Cascading business goals is about linking agency business goals and performance measures to individual employee performance targets. Cascading business goals shows employees:
- How the organization measures success.
- The specific value they add to the organization.
- The specific impact of both good and poor performance on a team, program, and entire organization.
Strategies for Success
- Develop performance plans after completing the strategic plan and budget. Create organization goals first. Follow with program goals and business unit performance targets. Complete individual performance plans last.
- Train supervisors on how to link individual and organizational goals. Supervisors first need to understand the specifics in the strategic plan, including goals, objectives, measures, and strategies. They then need to translate the plan into specific deliverables for each employee. Encourage supervisors to talk with employees about the agency business plan and how a job’s functions and goals fit into that plan. Consider using the “so that” method:
“Complete at least 10 inspections per month, arranging for the correction of 97% of identified hazards within 14 days...” so that “the safety program achieves at least 11,500 inspections, and corrects at least 7,300 serious hazards...” so that “Washington is ranked as one of the top five safest places to work.”
- Leverage the Position Description (PD) Form. When drafting or updating the PD form, identify how each essential job function contributes to the organization’s core business. Then decide how each of the functions could be measured on the Performance and Development Plan (PDP). Use the measures to begin the “so that” discussion described above, and determine how agency and program goals cascade down to the individual employee.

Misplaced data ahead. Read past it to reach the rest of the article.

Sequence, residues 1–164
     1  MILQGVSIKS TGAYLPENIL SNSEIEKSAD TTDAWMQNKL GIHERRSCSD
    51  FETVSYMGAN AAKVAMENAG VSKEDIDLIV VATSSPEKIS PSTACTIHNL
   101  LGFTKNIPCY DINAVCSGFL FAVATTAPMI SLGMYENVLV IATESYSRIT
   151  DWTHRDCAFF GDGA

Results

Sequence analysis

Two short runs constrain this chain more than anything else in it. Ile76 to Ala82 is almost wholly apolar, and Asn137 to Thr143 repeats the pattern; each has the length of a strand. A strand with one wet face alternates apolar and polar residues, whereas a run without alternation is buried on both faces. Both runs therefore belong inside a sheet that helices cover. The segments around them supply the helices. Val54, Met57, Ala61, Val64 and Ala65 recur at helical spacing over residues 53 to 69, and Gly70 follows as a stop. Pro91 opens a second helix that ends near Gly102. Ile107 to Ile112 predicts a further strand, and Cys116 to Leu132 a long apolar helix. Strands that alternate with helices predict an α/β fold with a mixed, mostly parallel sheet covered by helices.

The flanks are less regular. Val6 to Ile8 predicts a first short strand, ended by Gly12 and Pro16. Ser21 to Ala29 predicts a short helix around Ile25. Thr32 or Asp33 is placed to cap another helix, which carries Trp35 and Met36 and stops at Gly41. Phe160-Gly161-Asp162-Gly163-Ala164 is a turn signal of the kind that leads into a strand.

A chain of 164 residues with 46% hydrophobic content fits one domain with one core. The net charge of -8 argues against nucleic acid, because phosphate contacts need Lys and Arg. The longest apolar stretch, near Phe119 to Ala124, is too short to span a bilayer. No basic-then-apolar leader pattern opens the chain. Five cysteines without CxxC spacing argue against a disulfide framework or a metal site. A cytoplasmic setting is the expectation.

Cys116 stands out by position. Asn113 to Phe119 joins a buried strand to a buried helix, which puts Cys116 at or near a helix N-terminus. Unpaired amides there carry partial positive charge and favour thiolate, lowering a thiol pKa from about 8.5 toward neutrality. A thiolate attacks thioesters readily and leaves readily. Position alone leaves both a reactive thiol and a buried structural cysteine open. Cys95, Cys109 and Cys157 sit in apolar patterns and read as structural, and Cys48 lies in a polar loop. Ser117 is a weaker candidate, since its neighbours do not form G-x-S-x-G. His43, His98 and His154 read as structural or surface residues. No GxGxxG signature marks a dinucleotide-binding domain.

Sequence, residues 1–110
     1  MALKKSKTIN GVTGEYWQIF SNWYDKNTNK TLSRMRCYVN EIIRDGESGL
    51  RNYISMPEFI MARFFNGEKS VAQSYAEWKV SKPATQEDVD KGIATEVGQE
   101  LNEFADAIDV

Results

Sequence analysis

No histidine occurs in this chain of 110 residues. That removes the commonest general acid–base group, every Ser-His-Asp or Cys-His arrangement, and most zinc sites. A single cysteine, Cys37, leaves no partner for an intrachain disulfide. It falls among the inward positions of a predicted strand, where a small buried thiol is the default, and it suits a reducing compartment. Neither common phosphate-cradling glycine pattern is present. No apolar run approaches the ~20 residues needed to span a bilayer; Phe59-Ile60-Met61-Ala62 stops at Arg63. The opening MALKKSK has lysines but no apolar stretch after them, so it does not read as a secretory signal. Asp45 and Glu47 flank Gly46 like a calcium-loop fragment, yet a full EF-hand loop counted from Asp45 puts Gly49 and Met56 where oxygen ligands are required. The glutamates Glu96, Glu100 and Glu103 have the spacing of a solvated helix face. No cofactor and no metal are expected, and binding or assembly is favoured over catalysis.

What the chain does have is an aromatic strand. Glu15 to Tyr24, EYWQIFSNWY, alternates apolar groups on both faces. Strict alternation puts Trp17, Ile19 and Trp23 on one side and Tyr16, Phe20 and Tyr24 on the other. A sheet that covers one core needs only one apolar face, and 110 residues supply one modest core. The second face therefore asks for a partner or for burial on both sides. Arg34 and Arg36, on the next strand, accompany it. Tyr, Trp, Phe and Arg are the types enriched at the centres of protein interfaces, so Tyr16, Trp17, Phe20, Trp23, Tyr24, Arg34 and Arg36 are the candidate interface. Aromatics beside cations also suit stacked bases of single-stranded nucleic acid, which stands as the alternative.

- Report often on program and business unit goal achievements. Use regular reporting venues (e.g., internal GMAP sessions, senior management reviews) to monitor progress toward reaching goals. Set expectations for managers to acknowledge individual contributions and to develop action plans to address performance challenges or shortfalls. Action plans should be worked into individuals’ performance targets and expectations.
- Communicate with employees throughout the performance period. Discuss both successes and setbacks in meeting agency goals. Give credit to units and individuals that make significant contributions, and be transparent about performance challenges. Share status reports. Make sure employees understand when they are succeeding, when they aren’t, and what needs to be done to meet agency goals. Inspire feelings of accomplishment, and clarify opportunities for improvement.
- Review employee survey results to the following statements:
- I know how my agency measures its success.
- I know how my work contributes to the goals of my agency.
- I know what is expected of me at work.
- My supervisor holds me and my co-workers accountable.
- My performance evaluation provides me with meaningful information about my performance.
- Workload. Tying individual performance targets to organizational goals requires considerable thought on the part of managers and supervisors. It is more than restating the mission and telling how the position’s work is linked. Training and practice are key to making cascading goals an efficient and effective process.
- Overcoming resistance. Change is always difficult, particularly during the first year. Practice good change management techniques, including extra communication and structured feedback opportunities.
- Unclear linkages. Some linkages are much harder to see than others. Supervisors often find it difficult to cascade organizational goals to positions involved in either business operations or administrative support. As with any other position, use the “so that’ method to drill down contributions to organizational success.
- Moving beyond outputs. It is easy to fall back on listing activities or counting outputs. While these measures can be used to assess workload, they don’t often say much about the value of the work performed. Measuring true value requires supervisors to focus on outcomes and impacts. This will make the process of cascading agency goals easier.
Original: October 6, 2008
Last update: February 17, 2010